“Resilience” is a word we use every day at One Summit. And for good reason. It is – after all – heavily emphasized in our mission statement. Drawing on his own personal experiences, Adam felt that, only by building resilience, could someone impacted by trauma overcome and grow. He realized that there was a common need shared by the children and families impacted by pediatric cancer and his fellow SEAL teammates; a need Adam felt One Summit could address with this very approach. Building resilience is the “how” to the “why” behind our work.
But, what does “resilience” actually mean?
The dictionary suggests that it is “an ability to recover from or adjust easily to misfortune or change” (Merriam-Webster). We agree with this definition…besides one word: easily. Building resilience isn’t easy. It requires: (1) setting goals; (2) exposing oneself to new experiences and forms of adversity in the pursuit of those very goals; (3) finding and leaning on a community of like-minded individuals; and (4) reflecting on the successes, failures and learnings acquired throughout the process. Each of these things aren’t easy on their own, never mind together. But what makes building resilience perhaps most-challenging is this: it’s not something that can be checked off a “To-Do” list. It a never-ending endeavor that can be – at times – mentally and physically exhausting.
It’s for these reasons that we prefer the SEAL perspective on resilience, as summarized in the ethos adopted by each Navy SEAL upon graduating from BUD/S:
“If knocked down, I will get back up every time. I am never out of the fight.” (Navy SEAL Ethos/Creed)
Through their training, SEALs are conditioned and prepared for missions, experiences and challenges that are anything but easy. Before a trying situation becomes reality, they’re prepared to endure mental and physical exhaustion and fight – regardless of the cost. By preparing for the hard moments in advance, giving up is never a question.
It is this mindset and perspective that we strive to instill through our experiential learning, mentorship, storytelling and community engagement programs, a process that was most-recently on display at Climb for Courage, Boston 2019. On June 22nd, 26 patients and siblings from 12 families descended on Central Rock Watertown, where they were united with 26 Navy SEAL Mentors and guided by 9 Team Leaders through a day of indoor rock-climbing, mentorship and the very prerequisites needed to build resilience.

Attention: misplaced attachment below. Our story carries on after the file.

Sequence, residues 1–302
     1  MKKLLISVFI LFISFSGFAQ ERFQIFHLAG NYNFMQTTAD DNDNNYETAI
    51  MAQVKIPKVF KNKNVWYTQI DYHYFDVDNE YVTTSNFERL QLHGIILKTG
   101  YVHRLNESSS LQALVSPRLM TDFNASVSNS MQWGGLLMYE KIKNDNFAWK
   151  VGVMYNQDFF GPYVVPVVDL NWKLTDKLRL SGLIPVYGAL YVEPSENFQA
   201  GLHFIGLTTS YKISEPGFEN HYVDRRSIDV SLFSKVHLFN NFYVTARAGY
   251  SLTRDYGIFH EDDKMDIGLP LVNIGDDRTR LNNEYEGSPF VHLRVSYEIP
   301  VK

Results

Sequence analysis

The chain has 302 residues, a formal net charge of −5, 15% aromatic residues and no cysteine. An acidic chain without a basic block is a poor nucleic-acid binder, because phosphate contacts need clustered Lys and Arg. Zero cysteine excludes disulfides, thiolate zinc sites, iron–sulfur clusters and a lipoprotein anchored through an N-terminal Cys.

The welcoming, safe, supportive and inspiring environment that was felt by all who were on-site can’t be summarized with words. When it comes to our work, we’ve found that “a picture is worth a thousand words.” Especially when captured through the eyes of a One Summit parent and Professional Photographer.
Photo Credit: Amy Buelow Photography
It’s a similar case when it comes to the impact of our work, which we believe is best captured in the feedback we receive from the families and mentors immediately after each program.
Although we said building resilience wasn’t easy, we’re up for the meaningful task.
Climb for Courage, Boston 2019 would not have been possible without the support of Tufts Floating Hospital for Children, Dana-Farber Cancer Institute, Black Diamond Equipment, Central Rock Watertown, MACOM, Himmel Hospitality Group and Grill 23 – who have hosted our Mentor Training Dinner since 2015 – the Boston Police Department and Kalahari Biltong.
On behalf of our families, mentors and community, our team would also like to thank The North Face and Black Diamond Networks for their sponsorship of Climb Higher, held on Sunday, June 23rd. As a result your investment in our mission, we were able to welcome back 17 little warriors to climb again, 8 of which alongside their original mentor from Climb for Courage.
It’s was an opportunity to serve in a different capacity. It gave me the chance to have a positive, direct impact on a single person and to provide someone with strategies for dealing with their daily struggles. It was an indescribable experience. – Navy SEAL Mentor
Witnessing the connection between my son and his mentor during the final ceremony was emotional and incredible. Watching him stand so tall, confident and proud was something that will forever be etched in my heart. It is exactly what we hope for our children, after the trauma and emotional effects of cancer. Two very special heroes fighting similar battles lifted each other up and showed us the true meaning of friendship and courage. – Parent
My most memorable moment was the look on my mentee’s face when he found out I also previously had cancer. – Navy SEAL Mentor
The phrase posttraumatic growth has really changed my mindset. This was truly a life changing experience for all of us! Thank you so much for giving us hope, healing and strength. – Parent
It was a great time, very rewarding and humbling. The kids got to experience the Navy SEAL mentality, which they can now apply through their treatment and in life. – Navy SEAL Mentor